Wooden Dodecahedron

The Wooden Dodecahedron was an experiment in geometric woodworking to create a 12-sided pentagonal prism as a gift. It involved precise use of a Miter and Band Saw as well as some creative approaches to gluing and sanding.

Build Process:

The build process for this project took around 10 to 15 hours over two weeks, and it ended up being a wonderfully successful gift.

The design of this project was inspired by a 12-sided die. My goal was to recreate that shape with each face being one of three types of wood, with no two adjacent faces being the same type of wood.

The first step was to cut my original wood into blocks that would later become the faces of my Dodecahedron.

I used a template pentagon, seen in the top right of the image, to ensure each pentagon was the same size

After the pentagons were marked out, they were individually cut on a miter saw.

Once all the pentagons were cut out, it was time to lay them out. I had to make sure that they were ordered so that when the Dodecahedron was complete, none of the same type of wood would be touching.

Now it was time to glue all the faces together. Due to the complex angle, it would have been impossible to use standard clamps to hold the faces together without creating a jig. Instead, painters tape worked wonderfully.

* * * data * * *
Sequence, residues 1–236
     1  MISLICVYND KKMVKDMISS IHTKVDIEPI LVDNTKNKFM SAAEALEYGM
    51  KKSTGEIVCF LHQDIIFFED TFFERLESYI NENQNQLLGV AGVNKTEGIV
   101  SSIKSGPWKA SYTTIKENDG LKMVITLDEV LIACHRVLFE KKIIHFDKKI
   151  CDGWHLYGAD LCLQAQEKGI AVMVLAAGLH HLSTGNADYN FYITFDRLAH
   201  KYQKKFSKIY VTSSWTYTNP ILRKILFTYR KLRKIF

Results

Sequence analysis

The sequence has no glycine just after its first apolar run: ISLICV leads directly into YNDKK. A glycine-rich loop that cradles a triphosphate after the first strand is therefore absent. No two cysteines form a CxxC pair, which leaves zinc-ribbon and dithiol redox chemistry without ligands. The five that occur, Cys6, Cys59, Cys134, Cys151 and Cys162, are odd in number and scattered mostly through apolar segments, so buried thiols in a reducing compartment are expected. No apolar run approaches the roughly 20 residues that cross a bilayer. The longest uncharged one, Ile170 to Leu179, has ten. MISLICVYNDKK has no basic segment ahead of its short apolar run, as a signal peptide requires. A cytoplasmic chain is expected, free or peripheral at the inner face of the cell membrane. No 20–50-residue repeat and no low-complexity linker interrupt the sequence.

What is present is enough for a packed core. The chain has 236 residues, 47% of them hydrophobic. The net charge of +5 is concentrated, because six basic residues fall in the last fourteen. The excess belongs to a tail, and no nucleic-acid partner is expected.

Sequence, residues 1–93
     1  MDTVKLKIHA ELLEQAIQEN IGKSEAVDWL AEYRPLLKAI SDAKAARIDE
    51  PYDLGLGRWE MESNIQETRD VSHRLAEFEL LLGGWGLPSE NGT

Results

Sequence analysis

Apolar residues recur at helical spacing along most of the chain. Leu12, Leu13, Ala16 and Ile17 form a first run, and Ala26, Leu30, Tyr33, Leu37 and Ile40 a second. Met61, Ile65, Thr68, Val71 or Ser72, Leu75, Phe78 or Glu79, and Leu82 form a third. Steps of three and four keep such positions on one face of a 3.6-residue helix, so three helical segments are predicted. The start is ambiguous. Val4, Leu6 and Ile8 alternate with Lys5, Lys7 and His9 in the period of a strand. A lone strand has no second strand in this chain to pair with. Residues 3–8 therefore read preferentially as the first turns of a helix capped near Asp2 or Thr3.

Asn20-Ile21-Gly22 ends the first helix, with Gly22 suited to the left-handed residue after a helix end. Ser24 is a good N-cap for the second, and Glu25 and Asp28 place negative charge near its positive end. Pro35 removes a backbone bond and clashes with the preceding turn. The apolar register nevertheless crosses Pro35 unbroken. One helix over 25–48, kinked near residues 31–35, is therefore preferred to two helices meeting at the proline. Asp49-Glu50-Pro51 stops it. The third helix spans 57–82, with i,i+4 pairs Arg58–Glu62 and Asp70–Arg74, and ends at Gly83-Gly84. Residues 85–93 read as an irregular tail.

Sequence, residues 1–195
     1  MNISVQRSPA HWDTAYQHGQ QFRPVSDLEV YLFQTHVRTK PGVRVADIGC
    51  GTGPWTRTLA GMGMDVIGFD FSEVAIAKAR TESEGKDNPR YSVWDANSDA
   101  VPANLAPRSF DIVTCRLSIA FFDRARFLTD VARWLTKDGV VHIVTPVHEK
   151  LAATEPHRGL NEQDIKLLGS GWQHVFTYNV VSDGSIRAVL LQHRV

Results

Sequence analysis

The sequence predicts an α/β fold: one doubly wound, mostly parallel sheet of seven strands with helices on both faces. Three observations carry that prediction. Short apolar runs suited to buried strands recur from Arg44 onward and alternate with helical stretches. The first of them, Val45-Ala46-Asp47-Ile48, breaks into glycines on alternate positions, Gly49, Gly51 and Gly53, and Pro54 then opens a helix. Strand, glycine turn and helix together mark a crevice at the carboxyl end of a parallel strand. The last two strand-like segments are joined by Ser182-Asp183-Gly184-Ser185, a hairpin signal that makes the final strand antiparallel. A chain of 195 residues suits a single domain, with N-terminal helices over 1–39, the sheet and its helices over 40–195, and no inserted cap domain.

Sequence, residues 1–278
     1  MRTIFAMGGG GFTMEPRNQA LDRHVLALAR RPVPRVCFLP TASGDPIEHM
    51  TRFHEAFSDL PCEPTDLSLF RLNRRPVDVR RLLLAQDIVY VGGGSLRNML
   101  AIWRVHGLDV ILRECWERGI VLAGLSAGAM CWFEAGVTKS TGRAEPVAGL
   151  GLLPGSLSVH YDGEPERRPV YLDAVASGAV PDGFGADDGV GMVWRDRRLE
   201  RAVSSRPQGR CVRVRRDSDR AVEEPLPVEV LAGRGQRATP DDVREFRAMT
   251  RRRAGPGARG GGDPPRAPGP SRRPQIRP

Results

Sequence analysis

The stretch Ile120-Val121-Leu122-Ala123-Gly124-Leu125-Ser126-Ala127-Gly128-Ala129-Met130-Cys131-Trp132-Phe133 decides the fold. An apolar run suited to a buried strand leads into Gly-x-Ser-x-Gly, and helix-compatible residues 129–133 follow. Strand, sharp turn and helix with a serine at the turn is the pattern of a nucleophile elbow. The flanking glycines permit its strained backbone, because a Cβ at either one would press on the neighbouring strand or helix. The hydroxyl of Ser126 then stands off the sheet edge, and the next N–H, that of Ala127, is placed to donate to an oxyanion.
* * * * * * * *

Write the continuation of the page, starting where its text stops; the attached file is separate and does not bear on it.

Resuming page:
I started by gluing sets of two faces together then glued two sets of two together. I eventually ended up with two halves that were glued together to create the final shape. Once the glue had dried, it was time to sand and stain.

After sanding, the Dodecahedron was stained using three to four coats of tung oil with a light sanding between each coat.

Lessons Learned

This project was great fun, and it let me experiment and learn a lot about geometric wood working. The biggest thing I learned was that as useful and powerful as a compound miter saw is, I would have had a much easier time using a table saw to get more repeatable cuts. One of the longest portions of this project was getting every single pentagon face to have exactly the same length (5cm) and angle on each edge. Even though the miter saw may not have been the best tool for this job, it was still a useful tool to grow my skills with compound angled cuts.